Russia’s daily COVID-19 deaths hit record 962; India’s cases drop to 18,166


Oct. 10 (UPI) — Two large-population nations are going in opposite directions in their coronavirus situation. While Russian has surged to record levels in deaths and cases, India’s infections are the lowest in seven months and fatalities are just 3.5% of a record high this summer.

On Sunday, Russia reported a record 962 deaths and is fifth place in the world with 216,415. The nation hasn’t been below 700 deaths daily since July, according to tracking by And the 28,647 cases for a total of 7,775,365, which also is in fifth place, are below Saturday’s 29,362 and record 29,935 on Dec. 24.


Conversely, India reported 18,166 cases, the lowest in 214 days, for a total of 33,953,475, second behind the United States with 45,179,209. The Asian nation holds the world record of 414,188 cases in May.

India on Sunday added 214 deaths for a total of 450,589 since the start of the pandemic, only behind the United States with 733,058 and Brazil with 600,880. India set a world record of 6,148 deaths in June.

So far Sunday, the total number of deaths worldwide are 4,865,382 and cases are 238,544,279. Overall, fatalities dropped 7% and infections 8%.


The two nations’ weekly changes are divergent. Russia’s deaths rose 8% at 5,933, the second most behind the United States’ 10,176, and India’s dropped 6%. Russia’s cases rose 15% while India’s dropped 13%.

The two nations’ vaccination rates also differ.

Russia, which has created its own vaccines, including Sputnik 5, has inoculated 33.6% of its population with one shot, according to tracking by Bloomberg. In India, a prime world manufacturer of vaccines, it’s 49.4%.

Worldwide, vaccination doses grew by 160 million in one week to 6.49 billion with the world’s population of 7.9 billion, according to tracking by Bloomberg.

India, with the second-largest population in the world at 1.4 billion, has administered 950.6 million doses, which is far behind China, the largest population at 1.5 billion, at 2.2 billion shots. The United States, with a population of 333.5 million, is third with 400.3 million doses. Russia, with 146 million people, has only administered 94.4 million.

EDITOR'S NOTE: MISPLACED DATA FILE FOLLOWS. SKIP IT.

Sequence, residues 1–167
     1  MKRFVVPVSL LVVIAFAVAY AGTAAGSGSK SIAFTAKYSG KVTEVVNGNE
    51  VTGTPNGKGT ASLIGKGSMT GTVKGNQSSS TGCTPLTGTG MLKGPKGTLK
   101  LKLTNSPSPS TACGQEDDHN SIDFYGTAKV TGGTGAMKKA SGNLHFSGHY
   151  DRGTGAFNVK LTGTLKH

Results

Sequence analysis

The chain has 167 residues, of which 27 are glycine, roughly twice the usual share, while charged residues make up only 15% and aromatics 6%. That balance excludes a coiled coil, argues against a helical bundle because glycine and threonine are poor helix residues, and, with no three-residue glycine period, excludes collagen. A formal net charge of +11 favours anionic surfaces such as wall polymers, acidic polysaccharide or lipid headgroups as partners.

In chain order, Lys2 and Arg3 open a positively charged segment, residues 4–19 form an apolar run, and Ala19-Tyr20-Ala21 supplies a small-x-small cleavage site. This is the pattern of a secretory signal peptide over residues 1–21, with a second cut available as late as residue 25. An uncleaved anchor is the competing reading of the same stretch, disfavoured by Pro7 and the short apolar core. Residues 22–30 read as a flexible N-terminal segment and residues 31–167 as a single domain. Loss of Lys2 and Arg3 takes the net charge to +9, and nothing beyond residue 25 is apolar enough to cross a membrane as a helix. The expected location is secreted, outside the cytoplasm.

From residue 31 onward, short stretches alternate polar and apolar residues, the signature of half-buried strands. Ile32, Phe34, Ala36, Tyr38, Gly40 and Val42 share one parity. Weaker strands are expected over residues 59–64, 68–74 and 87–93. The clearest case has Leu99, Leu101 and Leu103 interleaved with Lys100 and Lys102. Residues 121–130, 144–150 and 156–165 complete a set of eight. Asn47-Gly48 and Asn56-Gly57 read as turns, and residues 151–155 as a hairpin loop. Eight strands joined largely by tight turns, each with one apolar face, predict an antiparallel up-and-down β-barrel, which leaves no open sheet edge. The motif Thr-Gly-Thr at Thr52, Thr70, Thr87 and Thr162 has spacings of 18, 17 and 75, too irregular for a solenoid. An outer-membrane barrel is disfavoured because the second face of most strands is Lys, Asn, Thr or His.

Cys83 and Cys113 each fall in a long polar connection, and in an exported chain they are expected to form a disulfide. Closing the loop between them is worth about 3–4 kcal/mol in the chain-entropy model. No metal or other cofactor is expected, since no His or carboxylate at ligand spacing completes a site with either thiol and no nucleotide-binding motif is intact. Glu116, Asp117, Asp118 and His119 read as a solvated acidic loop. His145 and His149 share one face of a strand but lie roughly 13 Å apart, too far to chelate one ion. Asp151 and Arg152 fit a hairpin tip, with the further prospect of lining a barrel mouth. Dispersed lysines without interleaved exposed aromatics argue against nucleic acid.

“The numbers are really very bad, and this is indeed a cause for concern. The main reason is the insufficient level of vaccination,” Kremlin spokesman Dmitry Peskov said last week.

Last Sunday, state TV presenter Dmitry Kiselyov said: “Here’s a vaccine for you. Here are masks and drugs. Here you go: new hospitals and doctors. But in response, citizens, for the most part, wanted to spit on themselves and others.”


India has been accelerating the number of vaccines, rising by 43 million in one week.

“India completes administration of 95 crore COVID-19 vaccine doses. Marching rapidly towards administering 100 crore vaccine doses,” Union Health Minister Mansukh Mandaviya posted on Twitter on Sunday. “Get vaccinated quickly and encourage your friends and family to do the same.”

On April 1, people more than 45 years old could be vaccinated.

India accounts for 44.1% of Asia’s 77,067,052 cases, which ranks first among the continents, and 39.6% of 1,138,316 deaths, which ranks third behind Europe and South American but ahead of North America.

In the past week, Asia’s fatalities decreased 20% and infections 14%,

Indonesia ranks seventh in the world at 142,651 with an increase of 39, way down from a record 2,069 on July 27. The Asian nation’s cases are 14th at 4,227,932, including 894 Sunday, also way below the record 54,000 in July. Indonesia has vaccinated 36.8% of its population with at least one dose.

Iran is 11th at 122,592, including 222 Sunday. Iran’s one-shot vaccination rate is 43.6%.

Turkey is sixth in the world for cases at 7,416,182, including 28,645 reported Sunday and 18th in deaths at 65,894, including 206 most recently. Turkey has a 65.5% vaccination rate.


In Japan, cases a small fraction of 25,492 on Aug. 21 after the Summer Olympics ended on Aug. 8.

On Sunday, infections grew by 553 for a total of 1,710,658 and deaths went up 10 at 17,749.